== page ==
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  • "
    Dragonqueen wrote:
    Great way to stop the road kill is ban sat nav that take people down roads that they would not normal even think about, and as the project is about ponds, rivers and woodlands where car don't normal go think this is great would love to help with this project how do you voluenteer to help with this?
    The animals have been involved in accidents since decades before the advent of Sat-Nav. Reducing the speed limit hasn't had any effect at all on the numbers and you have to ask why the narrow twisting roads through the Beaulieu Estate used to be protected by cattle grids which were removed to allow the animals to wander along these dangerous roads. Replacing these grids would have a positive effect but the greater good is served by making the whole road network accessible to animals and rely on the anti-motorist argument when the animals pay the price. Hundreds if not thousands of animals will die before the growing number of people like Ospreysaint manage to convince the Commoners that they are living in the 21st century not the 18th."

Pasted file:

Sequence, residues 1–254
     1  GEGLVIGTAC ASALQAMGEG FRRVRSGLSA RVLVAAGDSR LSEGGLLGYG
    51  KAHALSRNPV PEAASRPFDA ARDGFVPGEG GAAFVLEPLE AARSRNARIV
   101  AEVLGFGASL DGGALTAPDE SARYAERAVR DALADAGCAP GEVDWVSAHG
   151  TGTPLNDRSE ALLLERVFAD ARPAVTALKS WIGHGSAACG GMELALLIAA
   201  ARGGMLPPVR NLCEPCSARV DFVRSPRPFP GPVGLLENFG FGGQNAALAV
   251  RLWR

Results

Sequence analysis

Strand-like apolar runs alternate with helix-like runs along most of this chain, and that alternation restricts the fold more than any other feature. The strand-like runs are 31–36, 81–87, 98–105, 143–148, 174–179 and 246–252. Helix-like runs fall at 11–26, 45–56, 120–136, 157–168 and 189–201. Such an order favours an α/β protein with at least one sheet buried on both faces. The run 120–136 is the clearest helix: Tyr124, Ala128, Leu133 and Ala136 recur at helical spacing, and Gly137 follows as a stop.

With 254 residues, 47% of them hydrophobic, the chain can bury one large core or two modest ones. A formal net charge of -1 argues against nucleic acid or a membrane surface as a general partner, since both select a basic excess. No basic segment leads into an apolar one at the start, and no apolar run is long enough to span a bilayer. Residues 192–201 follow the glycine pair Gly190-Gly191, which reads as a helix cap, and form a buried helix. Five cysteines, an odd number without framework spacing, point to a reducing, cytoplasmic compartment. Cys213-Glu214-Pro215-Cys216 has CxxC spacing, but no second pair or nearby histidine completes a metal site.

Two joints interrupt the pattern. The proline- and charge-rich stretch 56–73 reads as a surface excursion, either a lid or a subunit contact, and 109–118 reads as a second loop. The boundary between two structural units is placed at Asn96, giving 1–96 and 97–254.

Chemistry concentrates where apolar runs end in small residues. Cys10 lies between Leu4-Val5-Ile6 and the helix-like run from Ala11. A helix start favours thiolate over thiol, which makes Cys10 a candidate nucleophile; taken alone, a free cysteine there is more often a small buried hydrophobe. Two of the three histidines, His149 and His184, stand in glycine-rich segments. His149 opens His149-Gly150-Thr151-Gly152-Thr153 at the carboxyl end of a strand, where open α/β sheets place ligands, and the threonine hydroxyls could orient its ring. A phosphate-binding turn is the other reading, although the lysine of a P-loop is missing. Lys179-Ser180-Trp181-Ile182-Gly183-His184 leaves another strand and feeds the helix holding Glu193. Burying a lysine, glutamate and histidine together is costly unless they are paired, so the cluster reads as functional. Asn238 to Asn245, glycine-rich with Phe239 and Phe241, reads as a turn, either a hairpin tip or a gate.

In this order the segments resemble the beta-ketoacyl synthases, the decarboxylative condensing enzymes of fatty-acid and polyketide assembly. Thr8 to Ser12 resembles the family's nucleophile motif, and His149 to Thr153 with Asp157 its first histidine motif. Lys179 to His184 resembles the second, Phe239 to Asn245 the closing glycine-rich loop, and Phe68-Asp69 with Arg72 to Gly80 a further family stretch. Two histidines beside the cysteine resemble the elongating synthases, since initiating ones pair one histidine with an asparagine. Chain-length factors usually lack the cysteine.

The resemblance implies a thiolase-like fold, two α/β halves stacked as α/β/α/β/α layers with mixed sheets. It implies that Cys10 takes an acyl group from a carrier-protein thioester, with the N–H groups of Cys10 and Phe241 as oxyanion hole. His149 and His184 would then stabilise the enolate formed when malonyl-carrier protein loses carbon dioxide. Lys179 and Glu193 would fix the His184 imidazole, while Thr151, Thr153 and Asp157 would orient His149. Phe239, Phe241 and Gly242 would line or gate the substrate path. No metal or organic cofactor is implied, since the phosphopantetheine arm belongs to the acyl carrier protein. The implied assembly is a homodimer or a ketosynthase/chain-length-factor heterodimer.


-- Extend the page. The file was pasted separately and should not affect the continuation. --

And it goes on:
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£45K boost for wildlife project

£45K boost for wildlife project

£45K boost for wildlife project

First published in New Forest

A NEW campaign to protect wildlife in the New Forest has received a £45,000 boost.

The National Park Authority (NPA) has obtained a grant towards the cost of developing community wildlife plans with the help of parish councils and other organisations.

The plans will identify habitats such as ponds, rivers and woodland – and the species that live in them.

An NPA spokesman said: “The aim is to help residents better understand the importance of where they live and how changes in wildlife management and restoration projects will enhance these areas.

“Godshill, Hordle, Landford, Marchwood , Milford on Sea, New Milton and West Wellow have been chosen as pilot areas.

“In each area community wildlife champions will receive training from a project officer.

“They will work with the Land Advice Service, leading survey work and becoming local experts on natural environment issues.”

The grant has come from the Rural Development Programme for England.

Kathryn Boler, the NPA’s external funding officer, said the project would help residents protect key habitats and species.

“It is a great opportunity for people with an interest in wildlife to get involved and find out what is on their doorstep.”

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